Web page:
Very nice shots of these birds! You are indeed fortunate to have the Pileated Woodpeckers in your yard: I have not seen them around here. I have also been thinking about who will stay and who will go for the winter. Already conspicuous by their absence are the hummingbirds and swallows. Our robins are still here, busily stuffing themselves for their trip: I will miss them this winter. The Chickadees stay with us all winter here and they know there will be food (which they share with the sparrows) in the feeder for the worst days later on. Most of the othere are now forming big flocks and getting ready to depart. It’s always a little sad, kind of like when close relatives come to visit and then have to go back home.

  3. Hi Bernie – those are some of the nicest thoughts I’ve read in a really long time. Thank you. (I agree with the comment on the frustrating branch… uggg… it’s a shame we can’t pose these little buggers isn’t it?) I giggle at the thought of you being a long way from a book – you produce some of the finest work I’ve ever seen. His silhouette is actually quite regal. It’s a far cry from woody woodpecker!

  4. Hi Montucky, thanks for visiting. At first I was a bit corn-fused about your comment about the robins leaving but when I looked at the migration map and they do leave your area. How odd is that? Now that just produces another of the million questions that already swim around in my head. I had read a little article about the chickadees staying put in the winter (and how resilient they are for such a small bird) not only was I impressed I was so happy with the news because I never got a shot of them that satisfied me and I’m curious about the shot. Snow produces a whole new set of issues and I’m looking forward to the challenge. I appreciate your comments it gives me an idea of what to look forward too – thank you.

  5. Interesting picture of the pileated,expecially the one in the (cherry ??) bush. By any chance did you see the bird eat any of the fruit so visible in the picture ?? One wonders why that bird would be in such a bush unless it was to have a meal on those berries.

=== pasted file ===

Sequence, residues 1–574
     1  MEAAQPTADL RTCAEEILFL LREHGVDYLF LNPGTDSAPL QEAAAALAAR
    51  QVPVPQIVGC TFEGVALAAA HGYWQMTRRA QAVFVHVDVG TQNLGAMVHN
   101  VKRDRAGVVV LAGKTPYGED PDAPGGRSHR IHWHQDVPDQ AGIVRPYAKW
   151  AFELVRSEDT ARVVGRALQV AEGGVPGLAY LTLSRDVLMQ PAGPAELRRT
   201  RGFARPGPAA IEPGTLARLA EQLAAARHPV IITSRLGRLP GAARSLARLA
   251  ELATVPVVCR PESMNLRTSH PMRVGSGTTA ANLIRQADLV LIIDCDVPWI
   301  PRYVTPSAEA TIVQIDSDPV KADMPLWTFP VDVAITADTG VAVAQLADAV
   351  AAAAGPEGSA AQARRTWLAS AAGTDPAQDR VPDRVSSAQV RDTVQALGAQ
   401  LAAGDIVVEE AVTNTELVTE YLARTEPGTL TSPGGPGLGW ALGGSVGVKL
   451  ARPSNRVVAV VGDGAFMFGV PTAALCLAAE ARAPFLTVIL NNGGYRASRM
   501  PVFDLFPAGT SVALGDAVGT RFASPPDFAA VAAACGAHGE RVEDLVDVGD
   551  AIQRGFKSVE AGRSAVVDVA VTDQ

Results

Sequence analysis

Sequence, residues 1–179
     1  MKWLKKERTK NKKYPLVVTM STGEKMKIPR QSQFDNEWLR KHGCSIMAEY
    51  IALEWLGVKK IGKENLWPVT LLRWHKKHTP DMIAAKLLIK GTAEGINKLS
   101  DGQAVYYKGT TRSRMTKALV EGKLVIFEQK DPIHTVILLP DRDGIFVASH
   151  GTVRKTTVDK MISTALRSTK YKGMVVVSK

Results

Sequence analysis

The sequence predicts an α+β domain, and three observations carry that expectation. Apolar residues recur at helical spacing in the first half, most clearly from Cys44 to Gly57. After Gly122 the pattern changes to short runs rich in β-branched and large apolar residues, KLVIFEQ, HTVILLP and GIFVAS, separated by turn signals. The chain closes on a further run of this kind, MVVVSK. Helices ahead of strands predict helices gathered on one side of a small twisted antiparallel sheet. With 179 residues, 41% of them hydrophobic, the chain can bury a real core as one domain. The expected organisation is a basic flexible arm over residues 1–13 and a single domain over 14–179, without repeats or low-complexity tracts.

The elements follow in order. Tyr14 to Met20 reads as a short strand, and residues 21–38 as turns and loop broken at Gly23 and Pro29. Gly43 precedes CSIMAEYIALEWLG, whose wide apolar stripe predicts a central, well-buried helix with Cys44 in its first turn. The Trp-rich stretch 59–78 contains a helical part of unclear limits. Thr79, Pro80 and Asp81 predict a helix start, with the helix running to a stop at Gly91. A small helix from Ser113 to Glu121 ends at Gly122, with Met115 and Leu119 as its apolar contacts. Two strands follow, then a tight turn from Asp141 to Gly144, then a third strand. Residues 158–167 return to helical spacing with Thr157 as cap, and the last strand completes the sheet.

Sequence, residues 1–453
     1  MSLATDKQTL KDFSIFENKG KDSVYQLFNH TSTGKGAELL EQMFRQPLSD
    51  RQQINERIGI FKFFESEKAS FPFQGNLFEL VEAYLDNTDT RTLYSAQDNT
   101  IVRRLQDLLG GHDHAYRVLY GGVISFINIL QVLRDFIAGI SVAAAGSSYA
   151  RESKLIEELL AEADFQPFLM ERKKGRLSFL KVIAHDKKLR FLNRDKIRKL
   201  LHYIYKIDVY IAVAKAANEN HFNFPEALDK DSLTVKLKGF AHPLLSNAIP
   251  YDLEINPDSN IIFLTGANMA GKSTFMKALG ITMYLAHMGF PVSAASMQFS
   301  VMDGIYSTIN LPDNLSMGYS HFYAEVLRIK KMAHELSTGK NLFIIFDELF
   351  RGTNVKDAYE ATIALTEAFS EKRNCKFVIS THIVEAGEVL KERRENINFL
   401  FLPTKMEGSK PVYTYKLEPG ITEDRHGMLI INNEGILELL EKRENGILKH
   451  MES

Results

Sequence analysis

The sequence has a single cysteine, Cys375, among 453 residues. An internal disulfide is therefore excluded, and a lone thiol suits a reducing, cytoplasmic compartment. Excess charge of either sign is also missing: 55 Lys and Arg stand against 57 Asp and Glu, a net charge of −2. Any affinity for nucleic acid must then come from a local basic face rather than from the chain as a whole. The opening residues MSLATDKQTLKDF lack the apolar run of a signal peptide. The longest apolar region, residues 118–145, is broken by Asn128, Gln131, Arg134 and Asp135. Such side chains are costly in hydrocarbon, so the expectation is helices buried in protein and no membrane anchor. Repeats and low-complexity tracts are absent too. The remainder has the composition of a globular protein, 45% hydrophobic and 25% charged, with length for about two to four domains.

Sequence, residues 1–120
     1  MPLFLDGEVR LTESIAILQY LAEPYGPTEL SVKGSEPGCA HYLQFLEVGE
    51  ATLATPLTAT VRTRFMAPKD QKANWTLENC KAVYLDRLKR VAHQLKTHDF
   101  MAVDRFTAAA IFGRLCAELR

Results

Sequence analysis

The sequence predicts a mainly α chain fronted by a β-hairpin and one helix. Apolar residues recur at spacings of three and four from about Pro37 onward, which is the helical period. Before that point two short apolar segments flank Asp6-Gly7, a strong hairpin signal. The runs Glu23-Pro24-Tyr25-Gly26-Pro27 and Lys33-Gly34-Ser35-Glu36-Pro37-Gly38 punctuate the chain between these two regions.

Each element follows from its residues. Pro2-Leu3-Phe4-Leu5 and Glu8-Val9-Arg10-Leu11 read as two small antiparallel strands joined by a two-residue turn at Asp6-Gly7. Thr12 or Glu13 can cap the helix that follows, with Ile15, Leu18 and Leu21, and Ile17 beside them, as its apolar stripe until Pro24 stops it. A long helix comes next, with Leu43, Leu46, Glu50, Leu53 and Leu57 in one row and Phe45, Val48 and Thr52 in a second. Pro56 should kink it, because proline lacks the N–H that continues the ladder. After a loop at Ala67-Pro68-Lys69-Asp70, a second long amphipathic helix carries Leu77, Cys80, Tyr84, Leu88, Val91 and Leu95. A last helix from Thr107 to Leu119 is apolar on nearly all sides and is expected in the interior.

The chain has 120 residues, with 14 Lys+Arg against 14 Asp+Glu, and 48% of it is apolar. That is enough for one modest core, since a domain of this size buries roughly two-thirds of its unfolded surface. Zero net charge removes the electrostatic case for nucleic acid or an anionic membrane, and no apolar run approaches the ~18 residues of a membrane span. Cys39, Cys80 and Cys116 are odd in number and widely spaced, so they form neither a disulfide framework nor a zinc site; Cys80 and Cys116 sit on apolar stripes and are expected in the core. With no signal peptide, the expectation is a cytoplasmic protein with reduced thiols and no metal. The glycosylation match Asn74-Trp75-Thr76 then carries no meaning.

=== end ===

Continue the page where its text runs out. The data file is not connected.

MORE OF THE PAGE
Though not in your back yard, the Wood Thrush ( Hylocichla mustelina) is common in the East. If you would like to see a picture of one you would not believe, see the blog: Natureremains. blogspot for a real treat.

  6. I sure wish my Pileateds would stay around the yard more often! The only time I see them is when they are passing overhead!

  7. Great shots Lori and nice article. The woodpecker shot is amazing! They truely are a phenomenal bird. Lots of personality like a bluejay! A little quirky.

  8. Hi Cestoady, Thanks for visiting. I think one shot on my flickr page was him munching on a berry (so yep, your theory is completely correct) and another of him running up the telephone pole looking for ants in the cracks in the wood. So far that little chokecherry bush is the most popular for almost all the birds. I’ll check out the nature remains blog thanks for the tip!

  9. Hi Monarch – Who knows why the fella decided to come but he now offically visits everyday. (Even when other birds don’t come around.) Oh by the way – there is a lot to be said for watching on of these guys fly. They are so neat to watch in the sky.

  10. Hi Painting artist, yep, quirky now that’s just about the perfect word. (It’s funny in my case I fell in love with the personality not really his looks. But don’t mention that he might fly away and not come back. A guy with a trim job on his hair like that just may carry around an insecurity or two.) 🙂

  11. You never know Lori.:)

  12. cool photos of some interesting birdies…

  13. Lucky you to have a Pileated nearby! It’s not a bird that I see often, and when I do, they don’t cooperate for photos. Your shots of it are quite nice!

    Chickadees are indeed pretty tough to photograph. We have Chestnut-backed Chickadees commonly here, but I have yet to get any fine photos of one.

    I’d agree about the winter earning the summer, except that the winter weather in SF is about the same as the summer weather, except that there’s less fog 🙂

  14. Thanks Ankush, I’m a big birding fan. Slowly over the summer I’ve been getting aquinted with them and really adore these guys alot. (It’s nice to know the sounds in the forest.)

  15. Hi Adam, I did get really lucky actually. Had this fellow not decided that we were okay the photos just would not exist becaue like you I’ve found these guys are really really shy. Over time of not bothering him is what led him into stopping by more and more often. (It took him a few photo shoots to realize that was not dangerous to him as well.) Unlike most times where I got pretty agressive to get the shot – I tried patience and it seemed to work out really well. (It probably depends upon the species tho) Your last comment made me laugh.